No employee -- whether it's their first day on the job or their ten thousandanth day -- should ever be put in the position where they are blindsided by an employer regarding their job performance. That should only happen on episodes of Survivor. I would caution others who work for employers who do not consider coaching their employees a vital component of managing. Who wants to work any place where communication is not open, honest and effective? Sure it might be fun to have everything seem laid back, but not when it's your back's against the wall and someone else has put it there unfairly and no one has heard "the other side of the story".

And, trust me, there's always another side to the story. Often, it's the side you haven't heard yet that holds the largest amount of truth. If the "young guns" trying to run this company don't learn this soon, they aren't going to have much of a company left to run. Once good employees leave because they aren't treated fairly, word gets out. It's a smaller world than we think. There are some egos that need to be reined in here. Before it's too late.

Tuesday, March 9, 2010

A Tuesday at Sugarpearl

I write better while listening to music. As I write this, I'm sipping tea at Sugarpearl Espresso Bar and Lounge, located at the corner of Burnet and Crouse in Syracuse, NY. It's been a lovely addition to my neighborhood.

While sipping my tea I am absolutely enjoying listening to my friend Melissa Clarke's cover of James Taylor's "Steamroller Blues. It's making my toes tap. She knows how to work the guitar, that's for sure! It's one of my favorite blues tunes, when done right, and she's doing it right.

So -- you might ask -- isn't this a distraction, to be listening to live music and writing at the same time? Oh, yeah, definitely sometimes. But in a good way. Usually I can still find my words and scribble away. I've written the first two stanzas of a new poem before turning to this blog post while listening to Melissa. I listen to CDs at home while writing, why not live music? It inspires me in an entirely different way.

I once wrote an entire poem beginning to end while listening to the Barrigar Brothers play at the Red and White Cafe in DeRuyter last summer. I enjoyed them tremendously, although they cast me curious glances throughout the evening. I like the poem I wrote, hardly edited it at all.

Mark Zane has often found me scribbling in my notebook while watching him perform. I think singer-songwriters in particular understand: when the muse arrives, we open our arms to her, wherever we might be. Mark has even written a song about this called "Is There a Banjo in Your House?" Hopefully it will appear on his next CD. It is about the odd times that inspiration strikes us.

I find inspiration in the rhyme schemes of others, in subjects they've been drawn to write about, in the magic woven between their lines.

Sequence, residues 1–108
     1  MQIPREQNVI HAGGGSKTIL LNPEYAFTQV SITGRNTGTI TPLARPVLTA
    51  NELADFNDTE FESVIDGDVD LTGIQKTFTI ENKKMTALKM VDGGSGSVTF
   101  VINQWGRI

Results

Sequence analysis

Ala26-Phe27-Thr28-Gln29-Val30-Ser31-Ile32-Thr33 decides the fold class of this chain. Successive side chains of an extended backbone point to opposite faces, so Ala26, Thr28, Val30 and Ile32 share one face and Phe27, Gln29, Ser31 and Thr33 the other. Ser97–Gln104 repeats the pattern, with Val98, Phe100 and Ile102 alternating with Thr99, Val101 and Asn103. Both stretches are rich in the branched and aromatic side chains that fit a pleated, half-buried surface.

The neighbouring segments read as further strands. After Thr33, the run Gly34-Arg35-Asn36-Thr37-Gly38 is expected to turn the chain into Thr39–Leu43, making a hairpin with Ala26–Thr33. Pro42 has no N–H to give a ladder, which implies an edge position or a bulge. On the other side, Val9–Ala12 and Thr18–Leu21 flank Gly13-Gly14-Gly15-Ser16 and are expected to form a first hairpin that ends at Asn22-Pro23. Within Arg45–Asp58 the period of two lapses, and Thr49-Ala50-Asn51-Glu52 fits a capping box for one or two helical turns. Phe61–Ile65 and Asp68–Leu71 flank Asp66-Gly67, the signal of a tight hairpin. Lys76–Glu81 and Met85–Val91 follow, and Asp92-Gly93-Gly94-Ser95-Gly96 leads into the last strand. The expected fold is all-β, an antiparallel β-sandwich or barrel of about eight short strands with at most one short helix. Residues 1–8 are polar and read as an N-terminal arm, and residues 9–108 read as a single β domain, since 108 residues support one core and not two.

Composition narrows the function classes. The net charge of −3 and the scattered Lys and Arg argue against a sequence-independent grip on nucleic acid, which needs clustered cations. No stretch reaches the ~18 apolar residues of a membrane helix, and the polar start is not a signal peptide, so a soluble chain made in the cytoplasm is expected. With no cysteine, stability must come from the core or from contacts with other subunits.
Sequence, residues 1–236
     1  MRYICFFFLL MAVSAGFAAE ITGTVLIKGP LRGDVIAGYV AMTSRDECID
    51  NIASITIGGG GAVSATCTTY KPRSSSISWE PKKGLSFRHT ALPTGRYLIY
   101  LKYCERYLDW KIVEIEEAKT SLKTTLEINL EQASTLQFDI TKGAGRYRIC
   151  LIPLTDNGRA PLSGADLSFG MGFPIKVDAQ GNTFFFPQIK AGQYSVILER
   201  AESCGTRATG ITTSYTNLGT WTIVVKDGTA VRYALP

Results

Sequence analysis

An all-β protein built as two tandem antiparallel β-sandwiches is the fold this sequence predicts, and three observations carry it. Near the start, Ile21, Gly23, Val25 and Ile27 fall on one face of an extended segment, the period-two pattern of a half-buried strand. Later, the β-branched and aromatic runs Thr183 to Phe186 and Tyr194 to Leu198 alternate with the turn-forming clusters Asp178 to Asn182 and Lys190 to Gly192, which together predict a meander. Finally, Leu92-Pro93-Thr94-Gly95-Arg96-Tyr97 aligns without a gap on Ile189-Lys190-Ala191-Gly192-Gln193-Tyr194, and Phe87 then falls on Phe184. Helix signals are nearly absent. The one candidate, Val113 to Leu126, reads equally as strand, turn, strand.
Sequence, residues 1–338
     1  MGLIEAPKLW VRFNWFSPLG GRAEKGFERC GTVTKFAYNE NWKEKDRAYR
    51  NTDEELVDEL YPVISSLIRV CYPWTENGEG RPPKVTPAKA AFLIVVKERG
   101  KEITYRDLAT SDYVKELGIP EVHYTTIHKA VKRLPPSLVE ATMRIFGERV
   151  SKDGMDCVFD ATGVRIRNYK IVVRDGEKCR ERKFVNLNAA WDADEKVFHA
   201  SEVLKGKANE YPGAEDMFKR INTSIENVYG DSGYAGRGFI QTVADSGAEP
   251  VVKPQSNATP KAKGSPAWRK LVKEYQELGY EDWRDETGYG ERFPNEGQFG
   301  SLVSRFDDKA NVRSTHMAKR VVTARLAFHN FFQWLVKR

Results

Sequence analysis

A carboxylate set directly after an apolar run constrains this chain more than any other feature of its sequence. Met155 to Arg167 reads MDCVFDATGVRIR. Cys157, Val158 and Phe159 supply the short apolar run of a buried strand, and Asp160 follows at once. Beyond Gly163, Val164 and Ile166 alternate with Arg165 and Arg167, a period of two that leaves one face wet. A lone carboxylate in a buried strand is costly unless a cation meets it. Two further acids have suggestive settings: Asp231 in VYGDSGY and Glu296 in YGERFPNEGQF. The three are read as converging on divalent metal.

And so I'm loving this Tuesday lunch hour at Sugarpearl. Melissa has been singing some Beatle songs, a lovely, haunting version of Mary Chapin Carpenter's 9/11 song "Grand Central Station, some Leonard Cohen, Lucinda Williams and John Prine covers as well as her outstanding originals: "Spirit of America", "What's In Me" and "Women at Work" (and I apologize for probably getting the titles wrong.) I loved one she wrote about her mother-in-law who is suffering from dementia, which takes on the tone of a modern day love song; its lyrics pull you in, take you into the pain of such a relationship, and the joy.

What a delightful treat this was for me today, in addition to the sun shining for the second day in a row. I could nod my head and believe it when Melissa sang, "Here comes the, do, do, do."

I'll be back another Tuesday...even if it may mean skipping my writing group. Thanks, Melissa!
And thanks Phyllis and Deb for providing lunch time music for the neighborhood.

Saturday, March 6, 2010

Stay Tuned....I'm Not Done Yet

Changed my mind. Rethinking the finding another job....for a number of reasons. It seemed I had what might have been the perfect gig for me, part-time where I could make my own hours in a small, non-profit environment, but the woman who had the job decided not to leave it. Oh well. I can keep my eye out for other opportunities.

So....I'll continue to write.

And I've lots to say. Mark Zane has been playing some awesome concerts at Burritts Cafe in Weedsport and last night at Onatsvia Church. We had the pleasure of seeing John Prine recently in Ithaca. I've been wandering down to Sugarpearl to hear Joanne Perry sing and Melissa Clarke starts singing there next week....and I'll be reading poetry at their Open Mic next week.

I'm too tired from a wonder night at Onatavia last night...have to check the spelling on that before I do another post on it. It's a wonderful venue. I said it before when we were blessed to see Donna Colton play there last summer. First Fridays....go if you get a chance. I'll post directions when I write about last night another time.

Just wanted you to know I'm back.